When you have a family of eight children, with both parents working and running a business, it pays to be a planner. But when two of those kids have serious heart conditions, it’s also important to be flexible, since you never know when you may end up in the hospital.
Courtney Lott and her husband Emory recently did that juggling act when their daughter Emmy, 9, was at Children’s Healthcare of Atlanta at Egleston for 21 days in March. Emmy has a small hole in her heart called a patent foramen ovale (PFO) in addition to her sickle cell anemia. Daughter Aniya, 11, has Down Syndrome, several holes in her heart and had surgery for her AV canal as an infant.
With medically fragile children, you learn to be less rigid and to take one day at a time,” Courtney said. “We plan less and enjoy our kids more. We try not to stress about the future.”
Although it can be devastating to learn that your child has a heart problem, Courtney says the doctors at Sibley have been amazing. She appreciates their patience and kindness and the ways they go the extra mile for the kids – and their parents.
“I’ve never left an appointment at Sibley without a diagram or drawing of what is happening,” Courtney said. “As a visual learner, those representations are very helpful to me in understanding exactly what’s going on with my children’s hearts.”
Emmy is very nervous around doctors and does not warm up to them easily. However, when Dr. Parks, who is now retired, met her, he was determined to get a smile out of her before she left his office.
“At the first appointment, he spent 20 minutes with her designing a Barbie wedding on her iPad,” Courtney said. “He was not going to let her leave without a smile, and he won! She was giggling and giddy by the end of the appointment. He’s got our hearts forever. Everyone at Sibley does.”
The Sibley staff also takes special care with Aniya, making sure she understands, to the best of her abilities, what they are going to do before they begin an exam.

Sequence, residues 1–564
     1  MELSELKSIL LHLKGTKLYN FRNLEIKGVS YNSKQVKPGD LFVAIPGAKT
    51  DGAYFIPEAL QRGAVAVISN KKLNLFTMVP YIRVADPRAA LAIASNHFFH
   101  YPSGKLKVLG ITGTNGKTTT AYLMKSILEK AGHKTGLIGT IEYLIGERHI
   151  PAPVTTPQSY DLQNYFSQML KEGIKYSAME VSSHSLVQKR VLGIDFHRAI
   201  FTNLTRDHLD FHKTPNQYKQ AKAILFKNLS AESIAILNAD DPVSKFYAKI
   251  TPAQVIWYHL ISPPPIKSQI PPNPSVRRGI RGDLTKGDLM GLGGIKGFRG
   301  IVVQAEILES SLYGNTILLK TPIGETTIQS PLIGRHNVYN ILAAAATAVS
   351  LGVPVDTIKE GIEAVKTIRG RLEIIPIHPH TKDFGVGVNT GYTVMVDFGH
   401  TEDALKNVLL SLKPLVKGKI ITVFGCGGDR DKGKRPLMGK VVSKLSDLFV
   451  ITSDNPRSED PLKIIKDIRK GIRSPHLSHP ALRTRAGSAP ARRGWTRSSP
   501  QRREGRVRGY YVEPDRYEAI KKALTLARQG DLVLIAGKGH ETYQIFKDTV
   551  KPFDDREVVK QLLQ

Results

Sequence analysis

Courtney says that her advice to other parents beginning a journey with a medically fragile child is to “lean in” and allow the child’s providers to come alongside them.
“Be ready to be the best advocate for your child but allow a team approach,” Courtney said. “Sometimes you are defensive and protective, and you want to make everyone else the enemy, but your child’s providers are your allies. Let them to do what they do best.”
As an adoption consultant, Courtney’s experience with her daughters’ heart conditions has helped her to educate other prospective parents. When a couple is adopting, they state what factors they will be open to accepting. Courtney’s agency, Faithful Adoption Consultants, gets a lot of children with heart conditions and because of her own experiences, she can speak to what it’s like to parent a medically fragile child.
Medicine has come so far, and heart conditions don’t have to define our children,” Courtney said. “It’s just one part of their story. I can share my experience, and I can help more people say ‘yes,’ which is awesome.”
As for her other six children, Courtney wants to be sure they don’t get lost in the shuffle. It encourages her to be intentional in her parenting.
“Having medically fragile siblings has taught my kids compassion and empathy that they wouldn’t have learned any other way,” Courtney said. “I’m so grateful for that.”
For more information about Sibley Heart Center Cardiology and our pediatric cardiology specialists, click here.